Lung diseases such as chronic obstructive pulmonary disease and pulmonary fibrosis involve the progressive and inexorable destruction of oxygen exchange surfaces and airways, and have emerged as a leading cause of death worldwide. Mitigating therapies, aside from impractical organ transplantation, remain limited and the possibility of regenerative medicine has lacked empirical support. However, it is clinically known that patients who survive sudden, massive loss of lung tissue from necrotizing pneumonia or acute respiratory distress syndrome often recover full pulmonary function within six months. Correspondingly, we recently demonstrated lung regeneration in mice following H1N1 influenza virus infection, and linked distal airway stem cells expressing Trp63 (p63) and keratin 5, called DASCp63/Krt5, to this process. Here we show that pre-existing, intrinsically committed DASCp63/Krt5 undergo a proliferative expansion in response to influenza-induced lung damage, and assemble into nascent alveoli at sites of interstitial lung inflammation. We also show that the selective ablation of DASCp63/Krt5 in vivo prevents this regeneration, leading to pre-fibrotic lesions and deficient oxygen exchange. Finally, we demonstrate that single DASCp63/Krt5-derived pedigrees differentiate to type I and type II pneumocytes as well as bronchiolar secretory cells following transplantation to infected lung and also minimize the structural consequences of endogenous stem cell loss on this process. The ability to propagate these cells in culture while maintaining their intrinsic lineage commitment suggests their potential in stem cell-based therapies for acute and chronic lung diseases.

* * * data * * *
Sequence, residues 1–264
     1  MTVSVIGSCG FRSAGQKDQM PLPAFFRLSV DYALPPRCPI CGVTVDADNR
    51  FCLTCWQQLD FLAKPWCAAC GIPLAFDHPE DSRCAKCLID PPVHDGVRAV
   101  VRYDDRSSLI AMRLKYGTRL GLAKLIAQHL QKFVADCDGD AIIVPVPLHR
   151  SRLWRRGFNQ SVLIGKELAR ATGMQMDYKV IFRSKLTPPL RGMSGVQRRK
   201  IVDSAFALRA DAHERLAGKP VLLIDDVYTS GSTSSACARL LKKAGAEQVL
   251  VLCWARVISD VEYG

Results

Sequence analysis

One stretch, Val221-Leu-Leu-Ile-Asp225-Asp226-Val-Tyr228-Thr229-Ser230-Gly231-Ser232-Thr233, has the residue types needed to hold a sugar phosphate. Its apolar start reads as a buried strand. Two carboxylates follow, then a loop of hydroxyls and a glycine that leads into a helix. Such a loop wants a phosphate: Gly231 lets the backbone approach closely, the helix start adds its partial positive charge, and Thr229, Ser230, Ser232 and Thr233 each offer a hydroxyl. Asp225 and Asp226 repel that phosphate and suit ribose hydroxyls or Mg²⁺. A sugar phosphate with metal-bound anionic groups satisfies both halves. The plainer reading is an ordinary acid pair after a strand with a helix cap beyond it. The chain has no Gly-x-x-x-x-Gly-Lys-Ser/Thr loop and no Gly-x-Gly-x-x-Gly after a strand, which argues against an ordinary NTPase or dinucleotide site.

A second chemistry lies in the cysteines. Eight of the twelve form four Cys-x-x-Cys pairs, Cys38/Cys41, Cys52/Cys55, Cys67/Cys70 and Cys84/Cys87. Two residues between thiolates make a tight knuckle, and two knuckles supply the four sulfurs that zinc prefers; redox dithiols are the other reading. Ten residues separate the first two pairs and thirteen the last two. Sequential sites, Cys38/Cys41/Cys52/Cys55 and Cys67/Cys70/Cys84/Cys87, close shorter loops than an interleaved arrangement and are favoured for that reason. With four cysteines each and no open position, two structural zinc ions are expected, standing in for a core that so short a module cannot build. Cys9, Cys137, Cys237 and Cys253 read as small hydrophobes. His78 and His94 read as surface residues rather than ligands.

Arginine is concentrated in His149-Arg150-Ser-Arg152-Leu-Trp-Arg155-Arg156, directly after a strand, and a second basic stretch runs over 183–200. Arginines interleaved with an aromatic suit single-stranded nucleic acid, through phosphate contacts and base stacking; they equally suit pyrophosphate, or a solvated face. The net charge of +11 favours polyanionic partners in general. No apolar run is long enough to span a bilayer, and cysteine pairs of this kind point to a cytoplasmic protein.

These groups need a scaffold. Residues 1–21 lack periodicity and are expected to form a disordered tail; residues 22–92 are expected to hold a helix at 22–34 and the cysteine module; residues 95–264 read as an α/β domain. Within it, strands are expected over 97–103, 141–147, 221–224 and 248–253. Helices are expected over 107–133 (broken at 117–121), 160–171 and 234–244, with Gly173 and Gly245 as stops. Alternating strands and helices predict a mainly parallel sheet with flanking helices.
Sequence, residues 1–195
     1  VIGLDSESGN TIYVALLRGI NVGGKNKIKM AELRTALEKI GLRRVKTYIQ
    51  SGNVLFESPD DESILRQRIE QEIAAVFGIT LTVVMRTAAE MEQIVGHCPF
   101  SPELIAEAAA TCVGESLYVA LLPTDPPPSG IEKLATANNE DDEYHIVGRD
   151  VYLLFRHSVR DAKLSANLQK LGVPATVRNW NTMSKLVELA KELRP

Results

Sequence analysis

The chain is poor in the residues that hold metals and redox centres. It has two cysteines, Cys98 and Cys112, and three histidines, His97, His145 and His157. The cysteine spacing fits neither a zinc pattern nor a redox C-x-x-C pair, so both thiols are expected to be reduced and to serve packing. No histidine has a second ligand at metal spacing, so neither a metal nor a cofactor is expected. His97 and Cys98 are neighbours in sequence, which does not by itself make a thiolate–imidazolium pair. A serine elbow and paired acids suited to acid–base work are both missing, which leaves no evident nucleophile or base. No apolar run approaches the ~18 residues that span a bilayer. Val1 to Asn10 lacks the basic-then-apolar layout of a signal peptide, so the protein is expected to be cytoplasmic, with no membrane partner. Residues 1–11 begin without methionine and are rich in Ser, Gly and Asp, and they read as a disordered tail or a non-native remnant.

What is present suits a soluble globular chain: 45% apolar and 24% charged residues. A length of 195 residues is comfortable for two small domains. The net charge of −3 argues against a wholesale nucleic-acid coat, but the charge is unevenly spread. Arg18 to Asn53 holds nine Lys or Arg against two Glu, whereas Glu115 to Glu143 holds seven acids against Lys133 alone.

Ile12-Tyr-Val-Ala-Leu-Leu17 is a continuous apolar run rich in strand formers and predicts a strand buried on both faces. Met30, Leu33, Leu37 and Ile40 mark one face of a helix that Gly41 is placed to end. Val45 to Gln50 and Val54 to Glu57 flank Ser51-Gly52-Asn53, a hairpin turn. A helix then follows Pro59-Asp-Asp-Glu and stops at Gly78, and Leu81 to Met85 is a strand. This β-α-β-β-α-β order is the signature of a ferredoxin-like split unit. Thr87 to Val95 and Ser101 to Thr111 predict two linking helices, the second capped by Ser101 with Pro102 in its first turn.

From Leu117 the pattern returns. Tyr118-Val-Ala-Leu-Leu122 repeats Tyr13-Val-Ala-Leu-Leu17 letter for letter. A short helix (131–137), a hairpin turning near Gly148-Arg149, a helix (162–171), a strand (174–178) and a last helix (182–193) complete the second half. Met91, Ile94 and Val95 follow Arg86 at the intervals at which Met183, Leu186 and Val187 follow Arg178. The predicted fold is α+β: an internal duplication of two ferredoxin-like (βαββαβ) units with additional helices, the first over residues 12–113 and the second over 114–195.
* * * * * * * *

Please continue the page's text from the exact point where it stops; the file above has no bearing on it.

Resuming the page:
Wei Zuo, Ting Zhang, Daniel Zheng'An Wu, Shou Ping Guan, Audrey-Ann Liew, Yusuke Yamamoto, Xia Wang, Siew Joo Lim, Matthew Vincent, Mark Lessard + et al.

doi: 10.1038/nature13903

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Lineage-negative progenitors mobilize to regenerate lung epithelium after major injury p.621

Lineage-tracing experiments identify a rare, undifferentiated population of quiescent cells in the mouse distal lung that are activated through a Notch signalling pathway to repair the epithelium after bleomycin- or influenza-mediated injury; inappropriate Notch signalling may be a major contributor to failed regeneration within the lungs of patients with chronic lung disease.

Andrew E. Vaughan, Alexis N. Brumwell, Ying Xi, Jeffrey E. Gotts, Doug G. Brownfield, Barbara Treutlein, Kevin Tan, Victor Tan, Feng Chun Liu, Mark R. Looney + et al.

doi: 10.1038/nature14112

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IAPP-driven metabolic reprogramming induces regression of p53-deficient tumours in vivo p.626

p53 is often mutated or lost in cancer; here inactivation of ΔNp63 and ΔNp73 in the absence of p53 is shown to result in metabolic reprogramming and tumour regression via activation of IAPP (islet amyloid polypeptide or amylin), and IAPP-based anti-diabetes therapeutic strategies show potential for the treatment of p53-deficient and mutant tumours.

Avinashnarayan Venkatanarayan, Payal Raulji, William Norton, Deepavali Chakravarti, Cristian Coarfa, Xiaohua Su, Santosh K. Sandur, Marc S. Ramirez, Jaehuk Lee, Charles V. Kingsley + et al.

doi: 10.1038/nature13910